Somehow I’ve managed to forget my usual end-of-term post-mortem of the year’s lecturing. I think perhaps I’m only now recovering from 11 weeks of lectures, lab supervision, tutoring alongside a very busy time analysing Planck satellite data.

But a few weeks ago term ended, and I finished teaching my undergraduate cosmology course at Imperial, 27 lectures covering 14 billion years of physics. It was my fourth time teaching the class (I’ve talked about my experiences in previous years here, here, and here), but this will be the last time during this run. Our department doesn’t let us teach a course more than three or four years in a row, and I think that’s a wise policy. I think I’ve arrived at some very good ways of explaining concepts such as the curvature of space-time itself, and difficulties with our models like the 122-or-so-order-of-magnitude cosmological constant problem, but I also noticed that I wasn’t quite as excited as in previous years, working up from the experimentation of my first time through in 2009, putting it all on a firmer foundation — and writing up the lecture notes — in 2010, and refined over the last two years. This year’s teaching evaluations should come through soon, so I’ll have some feedback, and there are still about six weeks until the students’ understanding — and my explanations — are tested in the exam.

Next year, I’ve got the frankly daunting responsibility of teaching second-year quantum mechanics: 30 lectures, lots of problem sheets, in-class problems to work through, and of course the mindbending weirdness of the subject itself. I’d love to teach them Dirac’s very useful notation which unifies the physical concept of quantum states with the mathematical ideas of vectors, matrices and operators — and which is used by all actual practitioners from advanced undergraduates through working physicists. But I’m told that students find this an extra challenge rather than a simplification. Comments from teachers and students of quantum mechanics are welcome.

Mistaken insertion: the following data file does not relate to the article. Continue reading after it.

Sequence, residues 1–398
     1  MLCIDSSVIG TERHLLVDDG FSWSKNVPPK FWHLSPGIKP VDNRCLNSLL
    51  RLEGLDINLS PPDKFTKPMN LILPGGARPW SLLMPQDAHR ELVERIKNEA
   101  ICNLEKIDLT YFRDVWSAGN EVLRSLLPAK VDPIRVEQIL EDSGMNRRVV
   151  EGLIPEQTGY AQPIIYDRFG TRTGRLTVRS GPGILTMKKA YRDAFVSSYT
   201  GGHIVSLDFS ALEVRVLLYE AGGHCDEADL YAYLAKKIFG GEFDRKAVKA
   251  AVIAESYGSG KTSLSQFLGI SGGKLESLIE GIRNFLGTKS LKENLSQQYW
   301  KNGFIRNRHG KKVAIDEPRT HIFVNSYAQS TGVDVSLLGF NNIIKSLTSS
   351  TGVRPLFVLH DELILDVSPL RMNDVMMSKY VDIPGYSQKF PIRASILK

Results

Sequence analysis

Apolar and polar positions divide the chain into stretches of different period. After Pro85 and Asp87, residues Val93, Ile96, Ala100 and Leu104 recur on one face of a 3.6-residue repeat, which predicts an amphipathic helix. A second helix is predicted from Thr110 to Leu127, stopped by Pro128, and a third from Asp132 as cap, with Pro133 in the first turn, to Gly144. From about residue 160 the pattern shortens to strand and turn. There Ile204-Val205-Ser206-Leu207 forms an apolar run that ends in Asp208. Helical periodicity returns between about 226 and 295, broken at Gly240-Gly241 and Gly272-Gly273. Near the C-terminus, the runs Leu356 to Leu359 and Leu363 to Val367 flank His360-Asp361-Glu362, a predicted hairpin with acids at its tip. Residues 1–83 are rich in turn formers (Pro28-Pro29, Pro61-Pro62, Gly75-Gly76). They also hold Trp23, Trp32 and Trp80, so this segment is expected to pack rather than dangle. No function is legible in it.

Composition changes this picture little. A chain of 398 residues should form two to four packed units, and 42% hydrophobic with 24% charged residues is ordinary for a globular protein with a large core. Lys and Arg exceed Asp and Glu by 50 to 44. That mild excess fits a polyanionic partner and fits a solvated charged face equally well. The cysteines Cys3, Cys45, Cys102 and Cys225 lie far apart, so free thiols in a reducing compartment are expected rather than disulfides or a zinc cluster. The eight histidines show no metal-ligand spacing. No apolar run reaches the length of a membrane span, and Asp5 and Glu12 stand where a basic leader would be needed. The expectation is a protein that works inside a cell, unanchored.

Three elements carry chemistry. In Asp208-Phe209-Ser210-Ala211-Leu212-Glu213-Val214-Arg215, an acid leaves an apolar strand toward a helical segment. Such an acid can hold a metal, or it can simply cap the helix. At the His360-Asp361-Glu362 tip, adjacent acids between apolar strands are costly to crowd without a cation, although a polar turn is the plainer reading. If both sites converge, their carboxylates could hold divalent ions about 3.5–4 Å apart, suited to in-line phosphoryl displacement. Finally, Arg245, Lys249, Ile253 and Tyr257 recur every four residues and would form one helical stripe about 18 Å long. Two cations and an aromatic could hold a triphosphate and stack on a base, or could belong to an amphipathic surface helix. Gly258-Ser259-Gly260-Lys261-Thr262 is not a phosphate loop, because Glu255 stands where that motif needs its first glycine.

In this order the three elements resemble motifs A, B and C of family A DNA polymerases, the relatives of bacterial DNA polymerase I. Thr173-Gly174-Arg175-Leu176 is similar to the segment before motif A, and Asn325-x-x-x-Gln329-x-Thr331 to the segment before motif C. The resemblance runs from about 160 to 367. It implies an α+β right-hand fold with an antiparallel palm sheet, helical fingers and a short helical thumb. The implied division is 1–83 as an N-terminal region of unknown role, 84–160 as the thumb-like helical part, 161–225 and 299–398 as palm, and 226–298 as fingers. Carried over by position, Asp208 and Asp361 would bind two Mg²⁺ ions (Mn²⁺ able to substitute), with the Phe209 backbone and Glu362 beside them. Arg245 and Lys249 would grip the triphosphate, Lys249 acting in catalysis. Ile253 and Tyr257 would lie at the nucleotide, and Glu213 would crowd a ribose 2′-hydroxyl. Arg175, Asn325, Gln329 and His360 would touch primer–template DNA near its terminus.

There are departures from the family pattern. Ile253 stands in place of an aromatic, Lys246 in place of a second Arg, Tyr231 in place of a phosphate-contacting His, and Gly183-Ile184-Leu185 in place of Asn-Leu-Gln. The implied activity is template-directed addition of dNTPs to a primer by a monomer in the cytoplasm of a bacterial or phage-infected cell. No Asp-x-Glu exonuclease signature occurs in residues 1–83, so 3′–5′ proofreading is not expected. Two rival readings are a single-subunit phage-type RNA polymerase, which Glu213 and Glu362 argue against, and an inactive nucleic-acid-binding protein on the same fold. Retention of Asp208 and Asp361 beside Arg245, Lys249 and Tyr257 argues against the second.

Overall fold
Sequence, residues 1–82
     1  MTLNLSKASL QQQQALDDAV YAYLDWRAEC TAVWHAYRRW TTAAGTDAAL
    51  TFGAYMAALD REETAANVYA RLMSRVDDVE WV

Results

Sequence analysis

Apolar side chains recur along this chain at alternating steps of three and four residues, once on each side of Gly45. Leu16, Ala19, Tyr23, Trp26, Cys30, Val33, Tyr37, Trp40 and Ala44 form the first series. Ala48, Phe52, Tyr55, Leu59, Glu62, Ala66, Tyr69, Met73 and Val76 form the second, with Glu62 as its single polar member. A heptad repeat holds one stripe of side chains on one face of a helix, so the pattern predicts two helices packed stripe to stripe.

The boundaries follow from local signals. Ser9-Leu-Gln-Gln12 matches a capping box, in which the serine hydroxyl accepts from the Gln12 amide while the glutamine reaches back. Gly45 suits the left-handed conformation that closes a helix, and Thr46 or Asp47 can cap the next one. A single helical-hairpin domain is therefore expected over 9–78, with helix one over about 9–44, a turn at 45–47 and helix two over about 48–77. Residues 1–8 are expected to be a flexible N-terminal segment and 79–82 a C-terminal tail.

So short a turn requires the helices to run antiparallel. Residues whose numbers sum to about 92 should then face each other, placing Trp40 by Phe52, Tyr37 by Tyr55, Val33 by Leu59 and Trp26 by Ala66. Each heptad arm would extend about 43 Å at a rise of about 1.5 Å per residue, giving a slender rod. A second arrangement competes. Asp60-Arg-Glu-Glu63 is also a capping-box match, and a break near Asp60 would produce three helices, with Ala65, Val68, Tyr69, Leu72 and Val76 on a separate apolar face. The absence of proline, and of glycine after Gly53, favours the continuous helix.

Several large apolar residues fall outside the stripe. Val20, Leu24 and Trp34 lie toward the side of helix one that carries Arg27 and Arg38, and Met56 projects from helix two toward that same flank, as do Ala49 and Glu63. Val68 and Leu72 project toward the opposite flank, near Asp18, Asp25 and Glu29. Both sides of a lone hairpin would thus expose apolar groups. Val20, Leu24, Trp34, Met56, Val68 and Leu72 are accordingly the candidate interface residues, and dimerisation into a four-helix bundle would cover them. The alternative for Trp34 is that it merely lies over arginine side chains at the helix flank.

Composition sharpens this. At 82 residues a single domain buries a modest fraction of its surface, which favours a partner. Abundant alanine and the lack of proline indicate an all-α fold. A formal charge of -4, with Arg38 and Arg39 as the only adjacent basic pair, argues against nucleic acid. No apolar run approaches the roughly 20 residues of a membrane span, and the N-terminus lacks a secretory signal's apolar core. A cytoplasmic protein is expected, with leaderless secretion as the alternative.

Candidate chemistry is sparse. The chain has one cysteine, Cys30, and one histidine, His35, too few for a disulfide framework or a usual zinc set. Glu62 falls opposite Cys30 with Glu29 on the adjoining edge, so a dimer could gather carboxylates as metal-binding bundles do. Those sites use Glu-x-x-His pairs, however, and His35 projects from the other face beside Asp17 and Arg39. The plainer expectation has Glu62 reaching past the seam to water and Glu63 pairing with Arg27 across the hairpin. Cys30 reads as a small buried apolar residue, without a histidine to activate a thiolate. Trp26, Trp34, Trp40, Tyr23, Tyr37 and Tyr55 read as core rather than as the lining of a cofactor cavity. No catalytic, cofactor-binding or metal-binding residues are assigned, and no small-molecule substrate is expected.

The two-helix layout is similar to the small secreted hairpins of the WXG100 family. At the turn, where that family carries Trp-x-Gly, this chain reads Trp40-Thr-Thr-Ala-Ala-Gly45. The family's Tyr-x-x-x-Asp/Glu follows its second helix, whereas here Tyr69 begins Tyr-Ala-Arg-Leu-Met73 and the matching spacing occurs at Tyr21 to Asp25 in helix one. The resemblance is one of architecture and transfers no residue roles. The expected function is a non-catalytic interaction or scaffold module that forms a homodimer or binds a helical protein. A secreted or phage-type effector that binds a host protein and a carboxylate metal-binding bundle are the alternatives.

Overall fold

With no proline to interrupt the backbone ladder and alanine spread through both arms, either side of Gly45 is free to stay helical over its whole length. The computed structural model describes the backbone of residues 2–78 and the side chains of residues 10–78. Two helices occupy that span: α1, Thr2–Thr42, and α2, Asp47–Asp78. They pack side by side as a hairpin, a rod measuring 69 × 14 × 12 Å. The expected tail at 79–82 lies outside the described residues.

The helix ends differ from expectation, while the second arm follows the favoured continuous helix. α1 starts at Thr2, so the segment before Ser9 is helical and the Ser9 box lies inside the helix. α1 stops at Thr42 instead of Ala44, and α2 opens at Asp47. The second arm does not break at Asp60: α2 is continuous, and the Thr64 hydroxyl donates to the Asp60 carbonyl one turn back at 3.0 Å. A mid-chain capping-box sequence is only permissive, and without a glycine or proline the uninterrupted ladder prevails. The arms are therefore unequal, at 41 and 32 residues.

Given the vast amount of material in the QM course (at least the course taught by Prof. Dauncey) I think it would be difficult to spend enough time really emphasising dirac notation.

Although personally I only began to feel comfortable doing QM after sitting the Foundations of QM course. This is because it is easy starting from linear vector spaces moving to Dirac notation and then learning the rules of QM & the Schrodinger Equation.

Then the recipes for doing QM just seemed more natural than starting off from the wave picture. Eigenstates made more sense as you could make an analogy with a basis set of vectors.

Of course time spent on the formalism comes at a cost of time spent teaching the physics.

Also something which isn't emphasised in second year enough is that not just arrows in space form a vector space (i.e. functions and quantum states also form a vector space). So it takes a while (if ever) for it to click that fourier series and quantum states can be viewed as being decomposed into a set of orthogonal vectors/functions/states.

## KM

Given the vast amount of material in the QM course (at least the course taught by Prof. Dauncey) I think it would be difficult to spend enough time really emphasising dirac notation.

Although personally I only began to feel comfortable doing QM after sitting the Foundations of QM course. This is because it is easy starting from linear vector spaces moving to Dirac notation and then learning the rules of QM & the Schrodinger Equation.

Then the recipes for doing QM just seemed more natural than starting off from the wave picture. Eigenstates made more sense as you could make an analogy with a basis set of vectors.

Of course time spent on the formalism comes at a cost of time spent teaching the physics.

Also something which isn't emphasised in second year enough is that not just arrows in space form a vector space (i.e. functions and quantum states also form a vector space). So it takes a while (if ever) for it to click that fourier series and quantum states can be viewed as being decomposed into a set of orthogonal vectors/functions/states.